CP: What ideas do you have to help coal miners diversify their skills and find other high-paying work as the coal industry continues to decline?
JP: We have to recognize that coal miners are already some of the highest-skilled and dedicated men and women that we have in the state. From manufacturing, to construction, to building a renewable energy economy, coal miners already have some of the finest skills and talents that we need for our future. In many cases, it's not simply about diversifying their skills, but making sure that we value what they already offer Colorado.
We can inject new life into rural Colorado by partnering with industry to renovate our closed down factories and mines to give them a new mission, whether it be to harvest our natural resources in pursuit of a clean economy or create the next hub of manufacturing in Colorado as a way to kickstart local economies. As coal traffic decreases, we can use existing rail infrastructure to move locally manufactured products to give us a competitive advantage in transportation pricing.
CP: How would you propose to solve Colorado's teacher shortage, especially in rural areas?
JP: Recruiting teachers to Colorado's highest-need areas is only one part of the battle — we also have to make sure teachers can afford to keep teaching, grow in their profession and tackle the high cost-of-living in some parts of the state.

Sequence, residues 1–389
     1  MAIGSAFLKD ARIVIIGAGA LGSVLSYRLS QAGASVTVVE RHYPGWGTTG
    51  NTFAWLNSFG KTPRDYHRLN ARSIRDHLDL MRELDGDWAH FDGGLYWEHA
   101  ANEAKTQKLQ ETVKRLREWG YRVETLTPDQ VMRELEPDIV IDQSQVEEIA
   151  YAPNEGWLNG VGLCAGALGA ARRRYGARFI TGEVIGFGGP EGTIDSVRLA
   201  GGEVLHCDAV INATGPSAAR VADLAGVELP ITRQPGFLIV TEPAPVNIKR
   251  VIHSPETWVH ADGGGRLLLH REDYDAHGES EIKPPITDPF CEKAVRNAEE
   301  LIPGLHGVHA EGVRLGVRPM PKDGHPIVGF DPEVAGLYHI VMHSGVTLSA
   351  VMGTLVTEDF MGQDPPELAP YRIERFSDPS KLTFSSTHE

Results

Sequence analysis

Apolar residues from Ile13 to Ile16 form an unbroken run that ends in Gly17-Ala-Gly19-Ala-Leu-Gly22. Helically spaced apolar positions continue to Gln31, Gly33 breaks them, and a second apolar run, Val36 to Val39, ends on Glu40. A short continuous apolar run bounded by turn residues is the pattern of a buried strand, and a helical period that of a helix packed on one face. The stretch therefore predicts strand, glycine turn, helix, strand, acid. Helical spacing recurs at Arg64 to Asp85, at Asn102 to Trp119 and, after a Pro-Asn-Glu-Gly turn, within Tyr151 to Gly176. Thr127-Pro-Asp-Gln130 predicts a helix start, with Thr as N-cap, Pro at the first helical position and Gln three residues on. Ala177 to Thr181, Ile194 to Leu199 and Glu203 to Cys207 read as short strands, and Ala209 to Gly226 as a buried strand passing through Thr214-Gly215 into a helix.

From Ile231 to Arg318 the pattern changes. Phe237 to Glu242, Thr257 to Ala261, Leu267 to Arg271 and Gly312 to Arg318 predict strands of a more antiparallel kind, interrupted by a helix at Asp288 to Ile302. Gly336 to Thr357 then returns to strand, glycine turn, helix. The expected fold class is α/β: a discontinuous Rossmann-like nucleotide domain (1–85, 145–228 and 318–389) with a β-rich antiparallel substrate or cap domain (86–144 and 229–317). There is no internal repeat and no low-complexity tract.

That's why my administration will partner with local governments to pay off the student loans of teachers who commit to serve in a high-need or rural area for a certain amount of time. I will also work to expand and improve the Building Excellent Schools Today program, which is currently used to renovate our schools with contributions from the State Land Board, marijuana tax revenue, lottery spillover and interest. This program may be able to help local communities support the building of affordable housing and fulfill all of our schools' capital construction needs by considering new funding sources.
CP: Do you support the new Critical Shortages in Rural School Districts law, which will permit retirees to teach in school with teacher shortages without losing retirement benefits?